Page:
Tax planning and managing the House Property

The new Government unveiled the Union Budget 2014 with a pragmatic recognition of common man woes and a thrust towards structural reforms. In the recent past, the Indian economy has faced one of its most challenging periods of growth and stability with subdued growth rate, high rate of inflation and lower rate of capital formation. There has been an increased proportion of spending on consumption resulting in lower savings. The Budget 2014 was expected to address their concerns and provide relief, subsequent to which the announcement of proposals by the Finance Minister (FM) lived upto the expectations.
The direct tax proposals of budget 2014 have been tax friendly. It is also worth noting that budget proposals have received the assent of President and now it is law of land under Indian Income Tax Act. It provides for tax advantage in the form of increased basic exemption limit for individuals by Rs.50K.
Further Interest and principal repayment deduction upto Rs. 100,000
However, for individuals, apart from the increase in exemption limit, the basic necessity of housing for a common was considered, the area which has remained dry for over a decade in almost all the budgets. With high interest rates and tight liquidity, it was high time to revise the limit of deductions. Under the earlier Tax regime, deduction of Interest on housing loan for self-occupied property was restricted to Rs. 1.5 lakh per annum which has now been revised to Rs. 2 lakhs. Higher deduction will also be allowed under section 80C for principal repaid on such housing loan, the limit for which has now been increased to 1.5 lakh per annum from earlier Rs. 1 lakh. Therefore, buying a house property with borrowed funds looks a good decision providing additional tax benefits.
Further, in Case where a person has more than one house property, borrowed funds can help save tax as there is no cap on deduction of interest on property other than self-occupied. Moreover, benefit under section 80C can be availed on repayment of loan.
Under Wealth tax Act, more than one house property owned by taxpayer is taxable. In this case, the amount of borrowing helps in reducing one’s wealth tax liability, as borrowed funds outstanding on valuation date would amount to debt payable by taxpayer which would reduce net taxable wealth of the assessee.
To explain above, let us go through a Practical Case Study:
Mr. X is considering to buy one residential House worth 40 Lakhs. He has one self occupied house of Rs. 1 Crore . Housing loan is available at the rate of 12%. Mr. X has enough funds not to borrow and buy house property with his savings. NAV of new house as per Income tax is 4 lakhs. Other taxable income of Mr. X is 10 lakhs and other taxable wealth is 40 lakhs. How can he manage the properties to save taxes reduce tax liability.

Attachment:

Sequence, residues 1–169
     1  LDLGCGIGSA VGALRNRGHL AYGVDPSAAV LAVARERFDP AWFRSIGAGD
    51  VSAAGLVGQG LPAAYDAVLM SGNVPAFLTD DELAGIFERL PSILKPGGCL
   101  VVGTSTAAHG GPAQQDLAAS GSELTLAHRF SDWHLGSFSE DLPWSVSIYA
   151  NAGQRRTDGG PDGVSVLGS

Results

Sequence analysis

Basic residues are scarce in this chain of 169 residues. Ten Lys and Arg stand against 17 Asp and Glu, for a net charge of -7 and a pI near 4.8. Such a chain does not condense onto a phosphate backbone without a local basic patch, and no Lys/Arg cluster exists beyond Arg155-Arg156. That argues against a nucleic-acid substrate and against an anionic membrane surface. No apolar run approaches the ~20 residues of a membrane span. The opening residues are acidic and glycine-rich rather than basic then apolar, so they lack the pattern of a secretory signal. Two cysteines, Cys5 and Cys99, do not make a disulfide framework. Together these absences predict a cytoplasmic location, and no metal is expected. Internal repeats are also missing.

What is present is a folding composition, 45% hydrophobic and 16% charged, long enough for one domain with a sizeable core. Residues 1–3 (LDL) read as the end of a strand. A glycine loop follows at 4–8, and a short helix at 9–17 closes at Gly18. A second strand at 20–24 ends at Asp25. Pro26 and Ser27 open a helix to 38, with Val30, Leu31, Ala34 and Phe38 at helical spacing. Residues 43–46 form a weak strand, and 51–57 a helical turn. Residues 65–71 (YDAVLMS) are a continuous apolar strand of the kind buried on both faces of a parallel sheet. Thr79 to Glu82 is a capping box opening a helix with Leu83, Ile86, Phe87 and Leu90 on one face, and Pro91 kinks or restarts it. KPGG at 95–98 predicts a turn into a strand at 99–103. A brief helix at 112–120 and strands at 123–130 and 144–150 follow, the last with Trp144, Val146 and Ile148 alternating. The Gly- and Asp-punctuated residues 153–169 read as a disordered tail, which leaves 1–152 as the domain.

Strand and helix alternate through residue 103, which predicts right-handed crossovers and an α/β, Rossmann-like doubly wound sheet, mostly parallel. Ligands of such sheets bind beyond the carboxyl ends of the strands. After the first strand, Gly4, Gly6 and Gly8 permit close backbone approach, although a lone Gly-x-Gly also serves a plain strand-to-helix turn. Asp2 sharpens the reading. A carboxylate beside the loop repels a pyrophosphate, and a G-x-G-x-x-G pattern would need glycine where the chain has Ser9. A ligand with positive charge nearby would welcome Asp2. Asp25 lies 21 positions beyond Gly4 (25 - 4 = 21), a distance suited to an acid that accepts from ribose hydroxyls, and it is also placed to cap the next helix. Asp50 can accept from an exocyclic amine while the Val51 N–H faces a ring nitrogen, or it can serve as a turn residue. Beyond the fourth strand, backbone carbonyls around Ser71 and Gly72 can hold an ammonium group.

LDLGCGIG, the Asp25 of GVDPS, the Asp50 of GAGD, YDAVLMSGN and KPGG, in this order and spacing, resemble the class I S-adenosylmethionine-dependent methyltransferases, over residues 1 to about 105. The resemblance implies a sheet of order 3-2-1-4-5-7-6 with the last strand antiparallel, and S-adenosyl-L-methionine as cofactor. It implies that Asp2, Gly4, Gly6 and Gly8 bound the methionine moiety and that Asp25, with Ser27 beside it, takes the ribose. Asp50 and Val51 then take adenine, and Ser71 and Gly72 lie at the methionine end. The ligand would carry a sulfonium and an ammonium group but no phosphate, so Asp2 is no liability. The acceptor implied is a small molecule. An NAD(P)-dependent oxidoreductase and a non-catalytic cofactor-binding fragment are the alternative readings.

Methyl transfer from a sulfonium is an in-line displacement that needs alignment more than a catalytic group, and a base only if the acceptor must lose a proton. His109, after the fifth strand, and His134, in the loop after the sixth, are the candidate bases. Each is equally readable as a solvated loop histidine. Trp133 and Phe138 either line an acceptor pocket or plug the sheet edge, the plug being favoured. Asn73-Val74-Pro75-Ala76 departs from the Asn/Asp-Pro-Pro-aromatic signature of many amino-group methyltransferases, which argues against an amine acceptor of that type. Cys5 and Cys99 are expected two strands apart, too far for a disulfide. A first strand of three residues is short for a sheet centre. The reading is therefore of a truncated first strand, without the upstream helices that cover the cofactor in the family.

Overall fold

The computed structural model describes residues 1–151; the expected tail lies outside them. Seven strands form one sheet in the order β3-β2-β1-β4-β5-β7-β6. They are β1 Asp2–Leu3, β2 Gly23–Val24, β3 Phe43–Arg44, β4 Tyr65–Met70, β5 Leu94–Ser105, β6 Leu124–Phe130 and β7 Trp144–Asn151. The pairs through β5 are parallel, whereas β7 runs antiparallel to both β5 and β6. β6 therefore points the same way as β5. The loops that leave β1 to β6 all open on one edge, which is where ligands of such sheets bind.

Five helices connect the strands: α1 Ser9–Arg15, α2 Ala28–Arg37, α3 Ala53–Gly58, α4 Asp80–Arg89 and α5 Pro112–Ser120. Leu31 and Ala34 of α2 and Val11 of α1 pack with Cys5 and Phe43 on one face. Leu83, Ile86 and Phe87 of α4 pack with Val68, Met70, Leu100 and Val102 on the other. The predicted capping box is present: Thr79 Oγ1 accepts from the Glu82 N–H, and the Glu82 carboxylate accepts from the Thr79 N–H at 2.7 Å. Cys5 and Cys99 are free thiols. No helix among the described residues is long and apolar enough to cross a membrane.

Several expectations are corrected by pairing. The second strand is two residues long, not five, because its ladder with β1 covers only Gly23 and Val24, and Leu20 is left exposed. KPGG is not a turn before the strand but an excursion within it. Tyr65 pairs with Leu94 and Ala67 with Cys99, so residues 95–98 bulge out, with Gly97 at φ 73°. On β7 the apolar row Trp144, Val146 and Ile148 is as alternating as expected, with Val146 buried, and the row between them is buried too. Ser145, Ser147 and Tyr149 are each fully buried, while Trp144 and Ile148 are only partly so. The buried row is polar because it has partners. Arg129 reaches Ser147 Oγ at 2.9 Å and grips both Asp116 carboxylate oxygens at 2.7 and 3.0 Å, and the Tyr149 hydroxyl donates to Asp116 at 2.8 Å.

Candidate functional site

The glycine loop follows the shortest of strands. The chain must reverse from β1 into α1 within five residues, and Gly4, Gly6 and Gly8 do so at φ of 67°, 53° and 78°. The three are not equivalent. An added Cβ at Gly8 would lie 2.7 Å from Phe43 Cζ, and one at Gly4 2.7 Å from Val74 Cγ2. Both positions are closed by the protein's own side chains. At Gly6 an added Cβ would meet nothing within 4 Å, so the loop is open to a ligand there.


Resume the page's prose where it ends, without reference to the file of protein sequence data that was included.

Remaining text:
As one property is exempt as self – occupied property, house worth 1 crore will be exempt. Moreover, one has to plan FD in such a way that the lock – in period equals to period after which installment becomes due. Hence, there should be different lock in period to avail maturity of FD in such a way that it can directly pay amount of Installment as and when due.
Analysis to buy with own funds and with borrowed funds is as under:
Statement of Income Tax liability for AY 2015-16
Particulars Own funds –

from savings
Borrowed Funds – Housing Loan
Income from Self occupied property 0 0
NAV of Deemed let out property – new hosue (Retrun@ 10% on 40,00,000) 400,000 400,000
Deduction of Interest for above Nil 480,000
30% standard deduction 120,000 120,000
Income from House property (A) 280,000 -200,000
Other taxable Income (B) 10,00,000 10,00,000
Interest on FD (C) Nil 360,000
80C deduction of Housing Loan repayment (D) Nil 150,000
Total Taxable Income (A+B+C-D) 12,80,000 10,10,000
Tax theron 215,270 131,840
 Statement of Wealth Tax Liabilty as on valuation date
Particulars Own funds –

from savings
Borrowed Funds – Housing Loan
Self-occupied House (A) Nil Nil
New House (Same value as purchased on Valuation date) (B) 40,00,000 40,00,000
Other Taxable Wealth(C) 40,00,000 40,00,000
Debt (D) Nil -40,00,000
Taxable Wealth(A+B+C-D) 80,00,000 40,00,000
Wealth Tax 50,000 10,000
 Statement of Tax Savings
Particulars Own funds –

from Savings
Borrowed Funds – Housing Loan
Income Tax (A) 215,270 131,840
Wealth Tax (B) 50,000 10,000
Total Taxes (A+B) 265,270 141,840
Taxes Saved (265,270-141,840) 123,840
Tax saved as a Percentage of tax payable with own funds   47%
 Form above example, an effective and simple tax planning has reduced the taxes to almost half of what could have been payable without that. The above percentage differs from case to case but it is sure to put some more money out of taxes and into your pocket. To add upto it, all these can be effectively executed within the four boundaries of Direct tax law.
The Contents of this article are views expressed by author in its personal capacity and to the best of his knowledge of author. These views are based on the existing provisions of direct tax law and its interpretation, which are subject to change from time to time. I do not assume any responsibility to update the views consequent to such changes. Moreover, the article does not provide any assurance that the revenue authorities/courts will concur with the views expressed herein.

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